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|Title:||Characterizing a New Dimension of Change in Attending and Responding to the Substance of Student Thinking|
|Publisher:||Boulder, CO: International Society of the Learning Sciences|
|Citation:||Richards, J., Elby, A., & Gupta, A. (2014). Characterizing a New Dimension of Change in Attending and Responding to the Substance of Student Thinking. In Joseph L. Polman, Eleni A. Kyza, D. Kevin O'Neill, Iris Tabak, William R. Penuel, A. Susan Jurow, Kevin O'Connor, Tiffany Lee, and Laura D'Amico (Eds.). Learning and Becoming in Practice: The International Conference of the Learning Sciences (ICLS) 2014. Volume 1. Colorado, CO: International Society of the Learning Sciences, pp. 286-293.|
|Abstract:||"Responsive teaching," in which teachers attend and respond to the substance of students' ideas, is central to facilitating student learning through engagement in authentic disciplinary practices. In characterizing teachers' progress toward greater responsiveness, researchers typically code teachers' attention as shifting toward the intellectual content (substance) of students' ideas and away from other foci such as students' correctness. These schemes, however, do not distinguish between different aspects of the substance of students' ideas. In this paper, we argue that a science teacher, Mr. S, demonstrates progress not by shifting toward greater attention to "substance," but rather by shifting in the facet of student thinking to which he primarily attends and responds. He shifts toward attending to causal stories (mechanistic explanations) and away from causal factors (potentially relevant variables). We argue that such shifts toward more sophisticated epistemic practices should be targets of professional development and of the assessment of responsive teaching.|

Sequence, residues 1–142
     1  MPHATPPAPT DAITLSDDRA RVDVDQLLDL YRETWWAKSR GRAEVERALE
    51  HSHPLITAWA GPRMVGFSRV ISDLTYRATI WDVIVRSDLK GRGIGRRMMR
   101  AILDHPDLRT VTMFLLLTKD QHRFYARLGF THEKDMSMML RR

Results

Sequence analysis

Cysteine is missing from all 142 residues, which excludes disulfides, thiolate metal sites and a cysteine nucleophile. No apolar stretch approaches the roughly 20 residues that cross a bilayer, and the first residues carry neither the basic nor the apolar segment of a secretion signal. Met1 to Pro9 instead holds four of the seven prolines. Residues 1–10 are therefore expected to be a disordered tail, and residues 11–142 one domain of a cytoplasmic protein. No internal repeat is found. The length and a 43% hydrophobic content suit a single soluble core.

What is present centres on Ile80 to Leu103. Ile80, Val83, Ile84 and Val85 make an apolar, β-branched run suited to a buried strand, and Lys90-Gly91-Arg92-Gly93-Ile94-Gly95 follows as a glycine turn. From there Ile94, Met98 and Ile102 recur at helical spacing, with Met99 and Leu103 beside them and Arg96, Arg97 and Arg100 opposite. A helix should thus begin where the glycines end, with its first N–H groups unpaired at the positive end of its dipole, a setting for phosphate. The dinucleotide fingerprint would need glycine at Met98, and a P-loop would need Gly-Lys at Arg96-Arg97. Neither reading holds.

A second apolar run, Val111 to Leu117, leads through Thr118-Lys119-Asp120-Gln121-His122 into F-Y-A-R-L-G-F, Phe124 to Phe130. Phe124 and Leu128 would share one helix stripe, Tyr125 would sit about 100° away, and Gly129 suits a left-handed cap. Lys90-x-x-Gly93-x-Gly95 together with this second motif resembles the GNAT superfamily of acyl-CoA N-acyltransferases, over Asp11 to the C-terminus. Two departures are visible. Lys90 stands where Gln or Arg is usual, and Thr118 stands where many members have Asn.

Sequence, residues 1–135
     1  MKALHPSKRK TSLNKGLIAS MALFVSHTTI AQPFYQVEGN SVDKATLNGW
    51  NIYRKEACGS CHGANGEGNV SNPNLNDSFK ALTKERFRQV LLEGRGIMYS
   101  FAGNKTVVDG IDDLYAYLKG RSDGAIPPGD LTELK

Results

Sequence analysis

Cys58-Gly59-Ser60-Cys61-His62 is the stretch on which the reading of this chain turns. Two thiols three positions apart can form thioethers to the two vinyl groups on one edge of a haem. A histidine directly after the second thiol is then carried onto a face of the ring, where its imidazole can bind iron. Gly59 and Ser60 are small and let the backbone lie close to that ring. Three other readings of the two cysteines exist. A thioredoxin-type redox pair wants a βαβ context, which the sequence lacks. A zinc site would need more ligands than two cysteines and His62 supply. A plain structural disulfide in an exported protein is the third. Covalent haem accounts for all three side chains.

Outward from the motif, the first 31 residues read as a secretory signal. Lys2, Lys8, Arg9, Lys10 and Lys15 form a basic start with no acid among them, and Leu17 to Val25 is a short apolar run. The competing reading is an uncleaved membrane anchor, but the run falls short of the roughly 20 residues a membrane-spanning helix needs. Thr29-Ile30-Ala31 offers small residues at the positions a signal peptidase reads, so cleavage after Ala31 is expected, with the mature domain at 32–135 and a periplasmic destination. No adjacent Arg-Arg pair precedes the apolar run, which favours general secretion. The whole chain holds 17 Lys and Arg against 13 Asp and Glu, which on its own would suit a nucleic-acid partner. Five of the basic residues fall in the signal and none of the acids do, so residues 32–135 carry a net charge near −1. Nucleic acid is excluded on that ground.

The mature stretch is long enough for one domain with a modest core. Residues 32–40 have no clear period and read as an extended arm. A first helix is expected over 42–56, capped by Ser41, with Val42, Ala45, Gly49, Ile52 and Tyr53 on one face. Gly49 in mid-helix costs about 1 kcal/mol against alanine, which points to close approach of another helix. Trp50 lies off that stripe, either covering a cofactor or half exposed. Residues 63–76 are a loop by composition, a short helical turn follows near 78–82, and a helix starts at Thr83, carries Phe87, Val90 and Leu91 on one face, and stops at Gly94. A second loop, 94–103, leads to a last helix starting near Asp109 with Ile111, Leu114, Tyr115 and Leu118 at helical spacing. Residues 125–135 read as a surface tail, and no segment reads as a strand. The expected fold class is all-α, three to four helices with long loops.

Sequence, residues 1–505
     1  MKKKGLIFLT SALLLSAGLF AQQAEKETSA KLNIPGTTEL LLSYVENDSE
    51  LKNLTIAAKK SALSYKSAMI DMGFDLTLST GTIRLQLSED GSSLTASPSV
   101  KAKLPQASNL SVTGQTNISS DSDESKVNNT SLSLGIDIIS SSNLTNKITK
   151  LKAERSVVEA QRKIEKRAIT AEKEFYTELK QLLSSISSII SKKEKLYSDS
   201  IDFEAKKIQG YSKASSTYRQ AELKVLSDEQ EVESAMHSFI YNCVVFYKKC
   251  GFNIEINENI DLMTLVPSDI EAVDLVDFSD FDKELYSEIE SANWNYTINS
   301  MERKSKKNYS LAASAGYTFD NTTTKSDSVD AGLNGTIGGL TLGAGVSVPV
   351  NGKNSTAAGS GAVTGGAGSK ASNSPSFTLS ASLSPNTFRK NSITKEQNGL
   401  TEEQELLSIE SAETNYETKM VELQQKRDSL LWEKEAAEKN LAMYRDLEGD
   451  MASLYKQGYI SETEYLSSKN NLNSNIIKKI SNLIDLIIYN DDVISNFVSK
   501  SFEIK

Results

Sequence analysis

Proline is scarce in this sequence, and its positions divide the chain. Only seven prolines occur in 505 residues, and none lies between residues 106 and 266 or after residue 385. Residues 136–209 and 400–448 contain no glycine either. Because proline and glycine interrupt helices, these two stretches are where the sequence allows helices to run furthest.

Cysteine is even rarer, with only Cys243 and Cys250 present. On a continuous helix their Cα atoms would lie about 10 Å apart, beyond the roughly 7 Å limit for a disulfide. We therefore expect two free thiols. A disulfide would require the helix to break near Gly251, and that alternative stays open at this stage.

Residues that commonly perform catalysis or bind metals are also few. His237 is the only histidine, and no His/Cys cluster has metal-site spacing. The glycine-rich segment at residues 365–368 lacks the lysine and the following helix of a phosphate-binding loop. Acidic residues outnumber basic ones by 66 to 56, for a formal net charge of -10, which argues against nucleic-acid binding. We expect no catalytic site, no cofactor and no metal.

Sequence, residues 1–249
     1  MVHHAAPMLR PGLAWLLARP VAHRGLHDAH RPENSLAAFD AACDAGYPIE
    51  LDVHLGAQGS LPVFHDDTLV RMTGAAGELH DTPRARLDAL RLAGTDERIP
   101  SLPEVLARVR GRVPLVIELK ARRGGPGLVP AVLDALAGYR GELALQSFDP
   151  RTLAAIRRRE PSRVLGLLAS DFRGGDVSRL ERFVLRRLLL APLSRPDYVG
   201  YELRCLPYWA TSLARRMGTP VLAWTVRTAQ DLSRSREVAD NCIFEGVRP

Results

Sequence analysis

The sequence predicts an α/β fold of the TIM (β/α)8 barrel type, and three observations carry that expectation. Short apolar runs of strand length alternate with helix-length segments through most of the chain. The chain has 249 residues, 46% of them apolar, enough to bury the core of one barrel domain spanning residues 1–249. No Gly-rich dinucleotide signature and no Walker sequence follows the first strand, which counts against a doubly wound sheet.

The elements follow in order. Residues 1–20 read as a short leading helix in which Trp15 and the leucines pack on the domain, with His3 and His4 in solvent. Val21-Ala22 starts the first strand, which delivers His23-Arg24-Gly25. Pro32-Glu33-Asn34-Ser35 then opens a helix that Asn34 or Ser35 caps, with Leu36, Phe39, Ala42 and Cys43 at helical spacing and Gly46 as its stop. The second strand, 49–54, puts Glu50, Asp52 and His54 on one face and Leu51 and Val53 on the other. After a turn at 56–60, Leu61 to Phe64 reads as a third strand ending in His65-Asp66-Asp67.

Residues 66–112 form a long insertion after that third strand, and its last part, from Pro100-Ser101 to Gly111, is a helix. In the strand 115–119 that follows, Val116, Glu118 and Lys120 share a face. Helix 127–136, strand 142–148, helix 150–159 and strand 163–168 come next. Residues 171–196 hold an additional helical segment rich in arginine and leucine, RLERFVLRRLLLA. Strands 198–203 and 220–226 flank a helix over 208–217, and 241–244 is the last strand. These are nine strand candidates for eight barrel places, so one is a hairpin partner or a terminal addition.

|Appears in Collections:||ICLS2014|
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